Christine Granville was “one of the bravest, toughest and strangest secret agents of World War II,” according to a riveting New York Times Book Review account of a biography about her.
She was also possibly the model for Vesper Lynd, the female agent in Ian Fleming’s first James Bond Novel, “Casino Royale.”
“Her hair was very black and she wore it cut square and low on the nape of the neck, framing her face to below the clear and beautiful line of her jaw,” as Fleming describes Lynd in the novel.
When the Germans invaded Poland in September 1939, Granville was in South Africa, the wife of a Polish diplomat.
She immediately headed for London, presented herself to the British secret service and offered to ski over the Carpathian Mountains into Poland to take British Propaganda into Nazi-occupied Warsaw.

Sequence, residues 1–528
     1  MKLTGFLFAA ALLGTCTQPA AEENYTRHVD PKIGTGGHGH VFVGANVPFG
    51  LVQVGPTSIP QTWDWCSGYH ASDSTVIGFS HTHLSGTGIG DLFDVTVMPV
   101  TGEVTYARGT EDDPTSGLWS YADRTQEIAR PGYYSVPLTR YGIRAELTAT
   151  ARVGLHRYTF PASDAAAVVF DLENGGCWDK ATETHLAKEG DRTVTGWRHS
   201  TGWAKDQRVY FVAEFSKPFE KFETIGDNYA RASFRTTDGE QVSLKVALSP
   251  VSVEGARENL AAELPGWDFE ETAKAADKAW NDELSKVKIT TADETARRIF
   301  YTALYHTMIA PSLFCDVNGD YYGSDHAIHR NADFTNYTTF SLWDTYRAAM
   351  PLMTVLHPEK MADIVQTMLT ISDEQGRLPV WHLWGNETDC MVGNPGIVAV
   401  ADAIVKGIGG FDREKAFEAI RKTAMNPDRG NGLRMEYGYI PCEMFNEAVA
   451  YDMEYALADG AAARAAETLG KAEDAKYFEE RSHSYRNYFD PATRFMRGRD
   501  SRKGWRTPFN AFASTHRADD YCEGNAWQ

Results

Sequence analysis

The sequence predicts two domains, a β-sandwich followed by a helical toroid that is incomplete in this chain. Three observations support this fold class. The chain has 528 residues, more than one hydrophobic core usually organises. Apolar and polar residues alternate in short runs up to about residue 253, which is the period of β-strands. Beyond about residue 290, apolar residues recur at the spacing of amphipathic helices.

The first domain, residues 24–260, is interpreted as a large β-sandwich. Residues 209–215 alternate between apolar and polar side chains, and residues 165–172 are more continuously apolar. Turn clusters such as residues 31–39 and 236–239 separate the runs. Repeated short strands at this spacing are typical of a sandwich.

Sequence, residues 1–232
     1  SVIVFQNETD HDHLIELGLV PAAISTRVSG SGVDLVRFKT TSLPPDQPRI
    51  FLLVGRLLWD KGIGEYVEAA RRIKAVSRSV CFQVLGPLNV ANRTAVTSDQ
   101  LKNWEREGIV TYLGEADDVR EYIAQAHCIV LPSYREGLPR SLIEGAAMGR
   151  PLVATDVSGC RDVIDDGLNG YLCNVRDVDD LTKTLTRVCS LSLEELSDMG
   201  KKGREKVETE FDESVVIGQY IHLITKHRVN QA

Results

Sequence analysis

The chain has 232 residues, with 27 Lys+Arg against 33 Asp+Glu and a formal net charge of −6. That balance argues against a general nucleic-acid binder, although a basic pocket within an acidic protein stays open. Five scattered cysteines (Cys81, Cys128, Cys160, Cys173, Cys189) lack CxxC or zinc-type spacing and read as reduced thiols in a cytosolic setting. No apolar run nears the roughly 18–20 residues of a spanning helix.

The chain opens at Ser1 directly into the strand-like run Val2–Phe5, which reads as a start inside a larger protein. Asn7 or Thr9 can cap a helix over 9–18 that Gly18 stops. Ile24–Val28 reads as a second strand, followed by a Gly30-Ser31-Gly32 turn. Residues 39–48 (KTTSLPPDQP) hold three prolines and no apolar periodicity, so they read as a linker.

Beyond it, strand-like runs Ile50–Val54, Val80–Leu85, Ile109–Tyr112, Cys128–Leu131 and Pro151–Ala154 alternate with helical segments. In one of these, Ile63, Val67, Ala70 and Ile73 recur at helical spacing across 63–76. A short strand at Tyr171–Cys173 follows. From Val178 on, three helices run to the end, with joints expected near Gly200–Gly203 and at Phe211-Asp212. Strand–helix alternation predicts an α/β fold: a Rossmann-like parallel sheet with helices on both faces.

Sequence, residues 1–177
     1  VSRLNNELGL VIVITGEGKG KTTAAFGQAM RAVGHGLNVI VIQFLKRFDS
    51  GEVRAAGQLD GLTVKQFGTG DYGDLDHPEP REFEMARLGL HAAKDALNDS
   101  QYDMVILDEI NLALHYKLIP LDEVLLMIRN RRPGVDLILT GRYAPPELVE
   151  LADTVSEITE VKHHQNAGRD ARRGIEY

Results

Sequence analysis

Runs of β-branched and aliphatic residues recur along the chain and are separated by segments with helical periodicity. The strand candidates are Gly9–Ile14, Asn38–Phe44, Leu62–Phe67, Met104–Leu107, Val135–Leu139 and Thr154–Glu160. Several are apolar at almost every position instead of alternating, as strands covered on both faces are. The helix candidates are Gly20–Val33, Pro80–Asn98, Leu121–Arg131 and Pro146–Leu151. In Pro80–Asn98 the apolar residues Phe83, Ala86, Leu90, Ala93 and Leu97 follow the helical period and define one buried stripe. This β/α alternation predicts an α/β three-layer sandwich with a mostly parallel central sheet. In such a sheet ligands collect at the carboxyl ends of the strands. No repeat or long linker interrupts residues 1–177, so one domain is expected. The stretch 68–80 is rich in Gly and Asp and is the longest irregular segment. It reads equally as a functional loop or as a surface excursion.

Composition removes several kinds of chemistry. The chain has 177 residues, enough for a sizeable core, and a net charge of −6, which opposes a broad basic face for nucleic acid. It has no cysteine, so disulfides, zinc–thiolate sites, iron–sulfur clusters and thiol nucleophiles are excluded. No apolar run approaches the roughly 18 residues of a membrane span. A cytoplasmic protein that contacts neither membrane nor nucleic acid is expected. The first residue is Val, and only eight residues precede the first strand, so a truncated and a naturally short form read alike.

Not only was she fearless: she was a ravishing beauty who “picked up lovers at astonishing speed.”
A British intelligence report even described how her attractiveness appeared to be causing “some difficulty in Budapest.”
One spurned lover had gone into her flat and threatened to shoot himself in the genital organs–he missed and shot himself in the foot.
Like Vesper Lynd, Granville’s life came to a tragic end having survived the war, when she was stabbed in the heart by an obsessed former lover in the lobby of a London hotel in 1952.